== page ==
Before describing changes in personality traits we evaluate the proportions of between- and within-subjects variance, and examine to what extent the within-subject variance is explained by age. Between- and within-individual variance estimates2
from the basic one-way ANOVA with random effects model (Raudenbush & Bryk, 2002
, p. 24) were used to estimate the proportion of the stable variance in personality traits, as the ratio of between-subjects variance (u0
: intercept variance) to the total variance (u0
: intercept variance + σ2
: within-subject variance). This ratio, which is an intraclass correlation, indicates that the proportion of variance that was stable over the course of this study ranged from 67% for Thoughtfulness to 86% for Masculinity (Mdn
Given that the between-subjects variance accounts for about 70% of the total variance, the remaining 30% is within-subject variance. By comparing the within-subject variance from the above baseline model with the residual within-subject variance from a model that includes age and age squared, it is possible to estimate the proportion of within-subject variance explained by age (Raudenbush & Bryk, 2002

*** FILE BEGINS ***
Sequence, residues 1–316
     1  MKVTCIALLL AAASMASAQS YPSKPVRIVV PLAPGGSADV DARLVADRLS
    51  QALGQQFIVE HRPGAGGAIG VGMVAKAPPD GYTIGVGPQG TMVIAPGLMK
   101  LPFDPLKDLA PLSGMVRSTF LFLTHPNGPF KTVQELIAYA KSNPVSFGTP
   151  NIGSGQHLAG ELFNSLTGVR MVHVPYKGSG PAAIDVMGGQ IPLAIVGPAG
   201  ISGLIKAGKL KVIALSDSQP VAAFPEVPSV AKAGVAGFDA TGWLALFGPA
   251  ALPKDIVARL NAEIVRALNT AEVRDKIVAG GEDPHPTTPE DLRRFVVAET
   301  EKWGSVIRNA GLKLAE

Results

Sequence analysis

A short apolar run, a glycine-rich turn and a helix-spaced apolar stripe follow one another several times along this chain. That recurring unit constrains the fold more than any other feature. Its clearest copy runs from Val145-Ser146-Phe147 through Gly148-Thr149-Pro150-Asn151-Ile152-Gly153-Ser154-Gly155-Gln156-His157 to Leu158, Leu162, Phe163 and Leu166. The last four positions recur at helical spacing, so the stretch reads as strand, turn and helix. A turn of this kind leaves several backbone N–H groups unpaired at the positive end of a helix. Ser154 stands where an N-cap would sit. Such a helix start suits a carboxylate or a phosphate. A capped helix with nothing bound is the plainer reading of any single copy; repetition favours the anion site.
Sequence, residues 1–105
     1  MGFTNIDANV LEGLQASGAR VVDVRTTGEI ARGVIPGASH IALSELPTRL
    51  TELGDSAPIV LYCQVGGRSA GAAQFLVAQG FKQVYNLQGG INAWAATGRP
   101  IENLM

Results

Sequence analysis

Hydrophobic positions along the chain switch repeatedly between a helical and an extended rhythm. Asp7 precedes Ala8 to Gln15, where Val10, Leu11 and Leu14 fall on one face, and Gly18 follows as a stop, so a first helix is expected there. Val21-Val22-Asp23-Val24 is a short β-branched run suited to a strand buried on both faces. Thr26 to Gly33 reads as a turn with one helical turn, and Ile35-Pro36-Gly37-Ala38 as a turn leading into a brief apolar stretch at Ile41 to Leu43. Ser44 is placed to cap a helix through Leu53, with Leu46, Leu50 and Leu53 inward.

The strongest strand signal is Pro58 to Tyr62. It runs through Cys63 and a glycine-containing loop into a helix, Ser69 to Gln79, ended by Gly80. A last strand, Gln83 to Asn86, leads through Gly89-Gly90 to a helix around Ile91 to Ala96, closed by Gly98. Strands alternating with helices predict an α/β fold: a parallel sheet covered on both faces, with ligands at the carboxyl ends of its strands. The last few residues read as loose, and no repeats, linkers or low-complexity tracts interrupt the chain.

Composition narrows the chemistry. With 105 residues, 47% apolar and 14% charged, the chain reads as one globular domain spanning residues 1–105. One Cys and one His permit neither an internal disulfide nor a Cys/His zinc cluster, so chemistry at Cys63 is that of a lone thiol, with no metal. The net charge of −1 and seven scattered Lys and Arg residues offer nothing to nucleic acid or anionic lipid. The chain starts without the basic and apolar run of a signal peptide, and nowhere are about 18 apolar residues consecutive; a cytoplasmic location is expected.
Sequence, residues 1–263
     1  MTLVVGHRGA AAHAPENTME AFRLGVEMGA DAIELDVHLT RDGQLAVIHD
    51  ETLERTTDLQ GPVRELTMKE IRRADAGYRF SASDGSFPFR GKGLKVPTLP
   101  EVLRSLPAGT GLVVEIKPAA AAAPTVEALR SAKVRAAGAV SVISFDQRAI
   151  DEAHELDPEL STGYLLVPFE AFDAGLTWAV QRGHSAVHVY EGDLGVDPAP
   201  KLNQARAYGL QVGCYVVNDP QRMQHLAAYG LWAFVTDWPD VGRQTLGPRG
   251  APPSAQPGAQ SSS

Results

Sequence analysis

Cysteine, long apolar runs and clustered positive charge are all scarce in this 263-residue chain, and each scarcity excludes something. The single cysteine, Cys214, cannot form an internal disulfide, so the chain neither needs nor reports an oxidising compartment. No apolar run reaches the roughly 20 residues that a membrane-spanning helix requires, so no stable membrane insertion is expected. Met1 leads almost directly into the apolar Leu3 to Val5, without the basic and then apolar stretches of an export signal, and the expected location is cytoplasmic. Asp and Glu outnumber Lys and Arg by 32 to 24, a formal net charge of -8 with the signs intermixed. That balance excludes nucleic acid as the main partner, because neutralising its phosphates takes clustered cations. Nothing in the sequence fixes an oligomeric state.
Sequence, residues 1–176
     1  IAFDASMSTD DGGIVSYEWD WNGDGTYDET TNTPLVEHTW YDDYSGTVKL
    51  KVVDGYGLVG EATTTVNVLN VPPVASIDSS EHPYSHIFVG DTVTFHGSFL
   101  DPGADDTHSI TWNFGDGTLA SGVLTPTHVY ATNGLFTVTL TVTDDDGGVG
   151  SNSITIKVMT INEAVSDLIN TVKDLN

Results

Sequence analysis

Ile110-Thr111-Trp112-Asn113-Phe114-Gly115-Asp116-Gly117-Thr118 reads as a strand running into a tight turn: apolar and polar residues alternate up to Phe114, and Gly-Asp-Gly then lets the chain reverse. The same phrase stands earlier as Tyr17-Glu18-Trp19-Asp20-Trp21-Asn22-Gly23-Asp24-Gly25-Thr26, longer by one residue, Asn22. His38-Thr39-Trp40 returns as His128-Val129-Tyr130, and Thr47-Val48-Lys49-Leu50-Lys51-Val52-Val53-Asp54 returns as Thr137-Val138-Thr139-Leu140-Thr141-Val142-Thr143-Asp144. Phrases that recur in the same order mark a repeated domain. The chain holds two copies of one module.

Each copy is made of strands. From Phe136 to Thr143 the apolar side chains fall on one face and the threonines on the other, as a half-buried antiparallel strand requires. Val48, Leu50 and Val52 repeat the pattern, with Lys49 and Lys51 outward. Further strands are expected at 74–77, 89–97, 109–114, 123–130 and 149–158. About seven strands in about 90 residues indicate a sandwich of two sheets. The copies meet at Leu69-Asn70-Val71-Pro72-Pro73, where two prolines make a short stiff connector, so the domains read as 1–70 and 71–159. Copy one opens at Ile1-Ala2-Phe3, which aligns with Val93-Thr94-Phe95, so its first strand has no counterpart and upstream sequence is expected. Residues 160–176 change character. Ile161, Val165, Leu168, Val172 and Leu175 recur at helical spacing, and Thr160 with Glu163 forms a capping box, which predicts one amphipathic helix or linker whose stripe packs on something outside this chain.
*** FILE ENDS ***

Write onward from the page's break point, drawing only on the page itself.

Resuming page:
, p. 24). The within-subject variance accounted for by age ranged from 4% for Restraint to 26% for General Activity (Mdn
= 14%). Thus, age accounts on average for about 14% × 30% = 4% of the total variance, a figure consistent with cross-sectional estimates (Terracciano et al., 2005
HLM results for the final models of the ten GZTS scales are reported in . We first describe the average trajectories with the fixed effects of the intercept, linear, and quadratic terms respectively (γ00, γ01, γ02), then the associated random effects (u0, u1, u2), and finally the effects of predictors (i.e., gender, cohort, attrition, and death) of intercept and slope variability.
HLM Coefficients and Variance Estimates of Intercept, Linear, and Quadratic terms for GZTS scales